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In contrast with the ‘fatigue’ of fighting against the darkness so often covered up, a man spills his story without being confronted, and tells how as a teen he molested numerous children. We end the conversation and of his own accord, as I prepare to leave, he says he would like to talk to a police officer.

“Are you sure you want to do this? What if he has to charge you?” I ask, feeling a sense of duty to let him know the potential consequences, and to see if that changes his mind. “I thought about that before I said anything,” he continues. I tell him I will talk with an officer, and get a time set up and other details if that is what he wants. “If it takes making an example of me to stop this, then I am willing,” he says. And with that we part ways. A day later I have a time, and all the details of what this will look like. He responds with the admission that it looks pretty scary and overwhelming, and I tell him it is up to him. I don’t have enough information to do anything; it’s entirely up to him. He asks for a night to contemplate it.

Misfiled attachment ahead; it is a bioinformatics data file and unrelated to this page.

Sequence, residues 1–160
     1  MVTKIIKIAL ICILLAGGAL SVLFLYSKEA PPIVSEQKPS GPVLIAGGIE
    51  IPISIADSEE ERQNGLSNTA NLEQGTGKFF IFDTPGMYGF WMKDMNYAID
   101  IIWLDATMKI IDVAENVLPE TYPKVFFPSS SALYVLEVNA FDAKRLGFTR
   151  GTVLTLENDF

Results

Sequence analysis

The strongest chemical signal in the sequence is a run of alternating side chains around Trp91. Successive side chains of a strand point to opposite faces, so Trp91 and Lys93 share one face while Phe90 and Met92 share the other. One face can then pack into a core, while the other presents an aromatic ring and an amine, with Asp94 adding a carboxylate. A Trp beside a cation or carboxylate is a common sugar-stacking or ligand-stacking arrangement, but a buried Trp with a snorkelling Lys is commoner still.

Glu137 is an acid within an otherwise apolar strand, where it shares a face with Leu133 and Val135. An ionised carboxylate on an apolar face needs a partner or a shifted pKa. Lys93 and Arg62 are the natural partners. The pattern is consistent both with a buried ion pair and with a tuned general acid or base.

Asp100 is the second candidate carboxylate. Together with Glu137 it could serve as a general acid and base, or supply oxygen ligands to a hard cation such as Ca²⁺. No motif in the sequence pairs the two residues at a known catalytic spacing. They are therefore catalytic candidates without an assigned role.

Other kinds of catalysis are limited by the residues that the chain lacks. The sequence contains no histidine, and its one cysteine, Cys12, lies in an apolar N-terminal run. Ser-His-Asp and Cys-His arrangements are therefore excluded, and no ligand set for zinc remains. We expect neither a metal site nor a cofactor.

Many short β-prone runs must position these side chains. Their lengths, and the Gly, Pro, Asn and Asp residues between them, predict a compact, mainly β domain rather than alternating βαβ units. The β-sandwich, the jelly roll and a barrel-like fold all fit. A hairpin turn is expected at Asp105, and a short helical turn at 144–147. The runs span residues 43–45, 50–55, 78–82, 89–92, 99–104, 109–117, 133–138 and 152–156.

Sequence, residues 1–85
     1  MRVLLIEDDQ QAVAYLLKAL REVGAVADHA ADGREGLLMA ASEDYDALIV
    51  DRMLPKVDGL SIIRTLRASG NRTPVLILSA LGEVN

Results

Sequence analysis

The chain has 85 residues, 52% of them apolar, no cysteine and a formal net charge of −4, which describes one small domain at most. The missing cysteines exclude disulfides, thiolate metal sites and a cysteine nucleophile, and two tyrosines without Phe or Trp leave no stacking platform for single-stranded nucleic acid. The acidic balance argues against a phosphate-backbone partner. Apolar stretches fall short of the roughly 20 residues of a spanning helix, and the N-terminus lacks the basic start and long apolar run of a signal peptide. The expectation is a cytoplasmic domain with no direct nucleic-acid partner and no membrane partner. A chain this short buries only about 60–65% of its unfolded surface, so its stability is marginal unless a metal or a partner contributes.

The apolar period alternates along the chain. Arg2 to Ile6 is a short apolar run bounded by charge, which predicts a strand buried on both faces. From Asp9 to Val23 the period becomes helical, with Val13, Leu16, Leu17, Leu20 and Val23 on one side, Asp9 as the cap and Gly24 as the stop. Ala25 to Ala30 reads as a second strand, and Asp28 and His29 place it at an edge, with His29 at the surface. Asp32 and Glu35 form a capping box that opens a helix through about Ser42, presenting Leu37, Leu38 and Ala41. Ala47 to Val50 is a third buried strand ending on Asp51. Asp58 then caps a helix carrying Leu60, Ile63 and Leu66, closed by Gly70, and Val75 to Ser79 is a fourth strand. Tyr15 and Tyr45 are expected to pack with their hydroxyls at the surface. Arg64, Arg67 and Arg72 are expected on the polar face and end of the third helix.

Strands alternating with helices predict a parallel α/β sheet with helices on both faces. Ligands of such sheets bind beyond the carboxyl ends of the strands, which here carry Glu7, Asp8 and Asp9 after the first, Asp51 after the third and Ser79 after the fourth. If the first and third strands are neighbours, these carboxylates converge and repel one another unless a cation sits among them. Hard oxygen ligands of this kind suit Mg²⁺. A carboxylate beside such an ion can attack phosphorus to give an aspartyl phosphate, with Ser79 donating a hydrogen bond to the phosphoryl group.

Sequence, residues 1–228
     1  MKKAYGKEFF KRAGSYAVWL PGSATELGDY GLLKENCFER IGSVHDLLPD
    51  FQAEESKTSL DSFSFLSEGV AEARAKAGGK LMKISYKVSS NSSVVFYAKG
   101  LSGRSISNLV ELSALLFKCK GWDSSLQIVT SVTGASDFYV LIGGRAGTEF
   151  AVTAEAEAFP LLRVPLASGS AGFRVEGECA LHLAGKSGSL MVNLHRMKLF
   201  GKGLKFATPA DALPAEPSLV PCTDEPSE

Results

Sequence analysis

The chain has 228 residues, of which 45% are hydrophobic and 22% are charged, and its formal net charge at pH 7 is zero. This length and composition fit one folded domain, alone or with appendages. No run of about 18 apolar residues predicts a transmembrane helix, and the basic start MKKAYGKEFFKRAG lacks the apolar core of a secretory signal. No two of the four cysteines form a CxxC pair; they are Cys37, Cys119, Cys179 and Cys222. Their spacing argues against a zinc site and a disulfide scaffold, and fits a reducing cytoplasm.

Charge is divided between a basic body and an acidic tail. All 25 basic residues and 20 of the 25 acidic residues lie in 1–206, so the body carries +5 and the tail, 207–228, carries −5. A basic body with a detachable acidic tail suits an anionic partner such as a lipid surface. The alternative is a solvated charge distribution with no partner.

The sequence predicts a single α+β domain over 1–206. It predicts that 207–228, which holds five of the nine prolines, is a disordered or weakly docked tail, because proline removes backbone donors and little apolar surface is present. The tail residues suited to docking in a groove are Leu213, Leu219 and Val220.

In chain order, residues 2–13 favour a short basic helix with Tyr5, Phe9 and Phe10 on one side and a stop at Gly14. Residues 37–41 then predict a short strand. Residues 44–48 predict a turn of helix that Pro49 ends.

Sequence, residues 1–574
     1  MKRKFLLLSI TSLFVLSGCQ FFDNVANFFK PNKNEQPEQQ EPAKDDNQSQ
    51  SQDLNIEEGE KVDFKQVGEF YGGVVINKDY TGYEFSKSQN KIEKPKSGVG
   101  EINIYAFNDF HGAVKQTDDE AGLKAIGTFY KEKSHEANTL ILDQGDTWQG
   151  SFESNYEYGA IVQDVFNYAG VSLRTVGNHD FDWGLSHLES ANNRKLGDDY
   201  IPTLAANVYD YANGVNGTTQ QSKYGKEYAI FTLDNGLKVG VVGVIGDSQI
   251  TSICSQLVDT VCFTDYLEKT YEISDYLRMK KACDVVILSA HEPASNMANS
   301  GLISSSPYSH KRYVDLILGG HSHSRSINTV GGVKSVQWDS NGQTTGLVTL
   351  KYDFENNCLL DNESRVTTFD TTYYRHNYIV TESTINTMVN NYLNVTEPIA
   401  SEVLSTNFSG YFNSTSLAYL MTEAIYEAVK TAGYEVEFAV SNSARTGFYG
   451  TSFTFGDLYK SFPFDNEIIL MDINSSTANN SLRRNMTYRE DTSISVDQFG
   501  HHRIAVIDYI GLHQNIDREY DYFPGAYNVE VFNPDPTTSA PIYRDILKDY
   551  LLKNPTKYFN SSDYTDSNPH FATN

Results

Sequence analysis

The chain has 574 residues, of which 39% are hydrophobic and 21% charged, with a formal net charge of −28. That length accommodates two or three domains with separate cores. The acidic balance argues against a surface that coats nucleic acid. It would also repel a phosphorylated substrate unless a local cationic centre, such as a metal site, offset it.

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The next morning, first thing, a text comes through saying he wants to proceed. And with that it’s a plan. As I type out the message to the officer, tears flow generously. I realize the man is not one of the ones who is a greatest threat to our community. He came forward of his own free will and asked for the police without so much as a hint of it from me. And through the tears, I worship a God who sees hearts and understands my struggle with knowing that many hide vicious crimes while a rare contrite soul exposes wickedness out of a desire for truth and freedom. And that one chooses to pay the price publicly, if that’s what it takes, to help end the epidemic.